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I’m in a misty wood on the expansive grounds of Hotel Casa di Langa with two young truffle hunters, Marta Menegaldo and Daniele Stroppiana. As the couple’s curly-haired Lagotto Romagnolo dogs, Bianca and Luna, dash through the underbrush, noses to the ground, toppling over each other in their trembling search for that elusive scent, Daniele tells me says his grandfather first took him in search of a precious white. tartufi in the woods of Roero, sparking a lifelong passion. We are in Le Langhe, a southern pocket of the Italian region of Piedmont. Nowadays, truffle hunting is an almost exclusively male preserve, but back then, at least in Daniele’s family, it was his grandmother who went hunting for mushrooms and truffles while his grandfather was at work. Back in the kitchen, the white truffles that today cost hundreds of euros at Alba’s fall Fiera Internazionale del Tartufo Bianco d’Alba would be thrown into a minestrone “to give it a bit more flavor”.
Handfuls of tartufi bianchi tossed into the family pot: I keep coming back to the image while walking, cycling and driving through the wine areas of Langhe, Monferrato, Roero and Gavi. Southern Piedmont was once a poor, feudal place where foraging was not a back-to-nature experience for wealthy city dwellers, but an essential survival tool. Shortly after the end of the Second World War, two seminal novels by writers born in the Langhe – Cesare Pavese The moon and the bonfires and Beppe Fenoglio Ruin— dwells on the harshness of life in the region. Many rural Piedmontese emigrated to the United States or Argentina; others made the shorter, but no less harrowing, journey to work in the factories of Turin.
And yet today this UNESCO World Heritage Site of outstanding natural beauty, which borders France to the west and Liguria to the south, rivals the hills of Chianti as a poster Italian sweetness of life. The manicured vineyards of Barolo and Barbaresco produce some of Italy’s most prized red wines, as do the regions of Asti and Alba, known for Barbera. A glance at the latest Italian edition of the Michelin gastronomic guide reveals a whole nebula of stars in a radius of 25 km around the town of Alba: there were 22 at the last count, spread over 20 restaurants. No other part of the Italian countryside has so many in such a small area. And southern Piedmont is finally getting there in terms of accommodation too. Last year, sustainable development House of Langa and the modern Nordelaia open, providing an upscale base for the strip of wine districts that stretches from Le Langhe to Gavi.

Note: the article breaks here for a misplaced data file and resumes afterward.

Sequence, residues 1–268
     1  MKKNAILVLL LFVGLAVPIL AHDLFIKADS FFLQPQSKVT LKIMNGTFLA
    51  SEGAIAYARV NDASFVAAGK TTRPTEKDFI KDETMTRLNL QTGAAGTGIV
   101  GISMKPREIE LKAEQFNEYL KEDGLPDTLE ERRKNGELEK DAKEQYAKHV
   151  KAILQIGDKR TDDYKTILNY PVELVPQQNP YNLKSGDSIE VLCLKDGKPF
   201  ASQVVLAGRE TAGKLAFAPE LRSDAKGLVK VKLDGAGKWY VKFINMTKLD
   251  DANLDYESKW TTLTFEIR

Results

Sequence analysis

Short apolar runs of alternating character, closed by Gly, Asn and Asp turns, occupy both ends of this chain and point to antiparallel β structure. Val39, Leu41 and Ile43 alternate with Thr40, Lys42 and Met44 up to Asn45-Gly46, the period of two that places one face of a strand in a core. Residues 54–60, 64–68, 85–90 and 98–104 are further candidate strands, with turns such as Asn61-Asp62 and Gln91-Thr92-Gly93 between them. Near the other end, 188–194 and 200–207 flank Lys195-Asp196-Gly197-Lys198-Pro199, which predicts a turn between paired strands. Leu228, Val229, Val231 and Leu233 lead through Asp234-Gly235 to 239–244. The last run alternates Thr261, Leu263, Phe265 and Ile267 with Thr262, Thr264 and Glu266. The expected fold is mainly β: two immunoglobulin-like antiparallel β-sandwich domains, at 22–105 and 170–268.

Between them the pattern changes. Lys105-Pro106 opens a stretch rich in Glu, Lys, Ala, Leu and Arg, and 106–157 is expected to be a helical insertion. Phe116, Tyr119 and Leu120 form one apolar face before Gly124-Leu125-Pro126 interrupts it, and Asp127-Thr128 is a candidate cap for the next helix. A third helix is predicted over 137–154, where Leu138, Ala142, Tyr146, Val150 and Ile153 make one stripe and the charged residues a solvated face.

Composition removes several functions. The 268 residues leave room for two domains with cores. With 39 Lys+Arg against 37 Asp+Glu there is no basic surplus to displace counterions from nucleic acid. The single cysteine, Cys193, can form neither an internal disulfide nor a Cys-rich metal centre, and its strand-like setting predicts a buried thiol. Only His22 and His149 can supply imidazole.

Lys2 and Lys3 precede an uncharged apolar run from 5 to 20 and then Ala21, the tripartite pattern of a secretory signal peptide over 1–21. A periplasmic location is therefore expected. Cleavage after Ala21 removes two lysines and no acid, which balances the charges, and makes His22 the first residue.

Alba’s pugnacious skyline is bristling with medieval towers (there were once nearly 100), but at ground level this gateway to the Langhe and Roero wine regions is made up of high-end boutiques range, wine bars and delicatessens offering every conceivable variety of cheese, salami, wine, and truffles. Near Bra, another of those pretty Piedmontese towns with flowery charm and a nose for business, is the headquarters of the slow food movement, which was founded here in the 80s.
Roberta Ceretto’s grandfather, Riccardo, moved to Alba in the 1930s from a poor land village in the upper Langhe and found work with a local wine producer. A quick learner, he quickly set up his own winemaking business with grapes that he bought from various winegrowers. It wasn’t until Roberta’s father Bruno and uncle Marcello came on board in the 1960s that Ceretto, now one of the region’s leading producers, began to invest in the vineyards. “Riccardo saw the potential, back when Barolo was still sold in carboys,” Roberta tells me, “but it was the next generation that led the revolution.” We watch the vines planted around the company’s headquarters from L’Acino (“The Grape”), a transparent domed tasting room that juts out from the hillside like the lair of a Bond villain.